Get the answer of: Are NNP and NNI Identical?

National income is the net value of all goods and services (national product) produced annually in a nation.

There are two measures of national income. One is the market price measure and the other is factor cost measure. The national income at market price has to be adjusted properly to arrive at national income at factor cost.

The formula used for the purpose is the following:


national income at factor cost = national income at market prices – indirect taxes + subsidies

NNP is measured at factor cost. It is thus the income received or earned by productive factors. It differs from NNP at market prices due to the presence of net indirect taxes. So, there is need to change NNP at market prices by adding government subsidies on the production or sale of society’s output and by subtracting taxes on the production or sale of the social product.

Due to subsidies or negative taxes, factor incomes exceed the market value of goods sold. On the other hand, due to indirect taxes or taxes on expenditure, incomes received falls short of the market value of the goods sold. It is so because some of the sales proceeds accrues to the government as revenue.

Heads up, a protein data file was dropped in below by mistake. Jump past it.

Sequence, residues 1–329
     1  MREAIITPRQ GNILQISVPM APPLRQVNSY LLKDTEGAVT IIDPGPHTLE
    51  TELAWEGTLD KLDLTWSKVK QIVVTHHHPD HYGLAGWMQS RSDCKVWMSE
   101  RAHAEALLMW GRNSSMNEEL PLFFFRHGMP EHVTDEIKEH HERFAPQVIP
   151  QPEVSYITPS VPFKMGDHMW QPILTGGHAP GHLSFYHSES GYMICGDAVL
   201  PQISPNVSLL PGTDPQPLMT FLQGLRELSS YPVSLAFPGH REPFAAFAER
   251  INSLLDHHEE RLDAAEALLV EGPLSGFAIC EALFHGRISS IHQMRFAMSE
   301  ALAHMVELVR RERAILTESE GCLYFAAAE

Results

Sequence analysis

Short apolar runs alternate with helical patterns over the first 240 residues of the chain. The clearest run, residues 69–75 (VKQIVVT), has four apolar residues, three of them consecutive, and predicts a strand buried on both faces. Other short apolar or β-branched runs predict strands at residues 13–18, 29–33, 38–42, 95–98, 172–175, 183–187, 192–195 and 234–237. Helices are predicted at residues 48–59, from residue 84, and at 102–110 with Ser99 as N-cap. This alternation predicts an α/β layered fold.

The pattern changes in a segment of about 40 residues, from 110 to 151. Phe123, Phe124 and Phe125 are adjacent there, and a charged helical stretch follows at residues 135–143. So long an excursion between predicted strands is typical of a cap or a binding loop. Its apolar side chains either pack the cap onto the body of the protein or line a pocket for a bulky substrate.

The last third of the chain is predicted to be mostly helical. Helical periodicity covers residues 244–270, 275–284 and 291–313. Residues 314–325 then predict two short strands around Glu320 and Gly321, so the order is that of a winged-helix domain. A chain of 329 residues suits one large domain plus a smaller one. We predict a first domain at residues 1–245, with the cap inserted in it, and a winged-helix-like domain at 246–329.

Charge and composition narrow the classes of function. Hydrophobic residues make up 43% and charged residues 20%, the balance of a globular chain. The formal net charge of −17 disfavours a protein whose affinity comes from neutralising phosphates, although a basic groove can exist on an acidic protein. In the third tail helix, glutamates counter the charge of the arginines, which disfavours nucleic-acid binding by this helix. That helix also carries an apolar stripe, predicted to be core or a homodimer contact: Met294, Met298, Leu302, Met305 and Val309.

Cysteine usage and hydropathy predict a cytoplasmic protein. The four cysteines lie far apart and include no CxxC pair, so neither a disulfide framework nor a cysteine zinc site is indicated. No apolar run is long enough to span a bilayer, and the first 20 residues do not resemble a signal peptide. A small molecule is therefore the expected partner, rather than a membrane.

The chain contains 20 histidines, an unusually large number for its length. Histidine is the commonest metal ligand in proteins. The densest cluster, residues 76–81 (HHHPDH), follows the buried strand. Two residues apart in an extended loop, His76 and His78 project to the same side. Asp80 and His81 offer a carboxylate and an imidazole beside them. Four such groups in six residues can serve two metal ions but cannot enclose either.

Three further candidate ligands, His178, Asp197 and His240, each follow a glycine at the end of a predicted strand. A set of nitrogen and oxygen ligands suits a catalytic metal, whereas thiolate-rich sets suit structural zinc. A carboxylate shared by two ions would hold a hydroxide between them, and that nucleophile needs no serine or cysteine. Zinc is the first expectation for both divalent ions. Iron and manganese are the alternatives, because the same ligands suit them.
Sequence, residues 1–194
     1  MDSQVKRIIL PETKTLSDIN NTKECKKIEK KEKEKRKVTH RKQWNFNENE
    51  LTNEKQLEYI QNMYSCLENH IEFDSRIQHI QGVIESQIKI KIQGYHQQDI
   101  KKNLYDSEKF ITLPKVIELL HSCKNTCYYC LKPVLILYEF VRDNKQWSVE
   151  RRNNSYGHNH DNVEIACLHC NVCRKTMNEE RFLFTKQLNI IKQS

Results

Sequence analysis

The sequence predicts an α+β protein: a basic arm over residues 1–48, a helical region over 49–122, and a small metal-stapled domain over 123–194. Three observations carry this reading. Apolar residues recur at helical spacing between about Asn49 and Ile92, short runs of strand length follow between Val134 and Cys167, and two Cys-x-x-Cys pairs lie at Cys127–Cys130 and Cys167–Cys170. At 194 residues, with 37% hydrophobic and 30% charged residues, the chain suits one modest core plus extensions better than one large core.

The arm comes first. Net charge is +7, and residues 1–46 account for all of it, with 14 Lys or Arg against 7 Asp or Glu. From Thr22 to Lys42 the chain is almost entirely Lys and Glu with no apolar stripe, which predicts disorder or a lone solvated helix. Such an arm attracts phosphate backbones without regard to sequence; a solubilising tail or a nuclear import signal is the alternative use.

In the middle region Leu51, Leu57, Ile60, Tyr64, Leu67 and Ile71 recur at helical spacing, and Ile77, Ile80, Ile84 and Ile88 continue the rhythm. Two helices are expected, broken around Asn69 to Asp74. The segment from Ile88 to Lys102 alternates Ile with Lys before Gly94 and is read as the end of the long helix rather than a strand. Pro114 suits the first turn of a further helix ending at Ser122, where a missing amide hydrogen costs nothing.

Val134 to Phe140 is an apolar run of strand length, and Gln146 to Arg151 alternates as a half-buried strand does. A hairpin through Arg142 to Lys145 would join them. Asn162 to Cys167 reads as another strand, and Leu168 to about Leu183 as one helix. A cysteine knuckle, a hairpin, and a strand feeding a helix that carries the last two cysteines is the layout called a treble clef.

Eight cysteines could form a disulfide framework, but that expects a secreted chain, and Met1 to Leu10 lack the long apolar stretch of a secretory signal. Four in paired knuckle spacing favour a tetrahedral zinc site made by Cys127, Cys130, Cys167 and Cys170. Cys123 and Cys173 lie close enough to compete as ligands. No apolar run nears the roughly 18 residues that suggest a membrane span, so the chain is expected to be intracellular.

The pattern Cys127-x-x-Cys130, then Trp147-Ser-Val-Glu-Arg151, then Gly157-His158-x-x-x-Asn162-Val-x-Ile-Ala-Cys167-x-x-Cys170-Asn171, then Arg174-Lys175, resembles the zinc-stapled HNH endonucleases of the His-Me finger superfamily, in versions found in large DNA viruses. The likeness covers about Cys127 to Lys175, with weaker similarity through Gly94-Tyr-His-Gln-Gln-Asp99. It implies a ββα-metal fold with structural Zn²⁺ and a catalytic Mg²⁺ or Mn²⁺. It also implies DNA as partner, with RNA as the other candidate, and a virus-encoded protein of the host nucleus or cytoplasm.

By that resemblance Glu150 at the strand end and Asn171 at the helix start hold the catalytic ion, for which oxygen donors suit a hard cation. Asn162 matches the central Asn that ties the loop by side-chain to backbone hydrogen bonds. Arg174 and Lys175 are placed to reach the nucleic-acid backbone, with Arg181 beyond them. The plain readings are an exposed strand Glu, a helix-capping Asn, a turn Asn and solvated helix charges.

So, NNP and NNI are not identical as NNP is evaluated usually at market prices but national income is at factor cost. Because of indirect taxes and subsidies, market price is not always equal to factor cost. In the case of indirect taxes, market price is greater than factor cost as they increase the price by factors receive less.


On the other hand, in the case of subsidies, market price is less than factor cost as they reduce the price while factors taxes paid plus subsidies received. It is only when there are no indirect taxes and subsidies, national income and NNP become identical because then market price is equal to factor cost.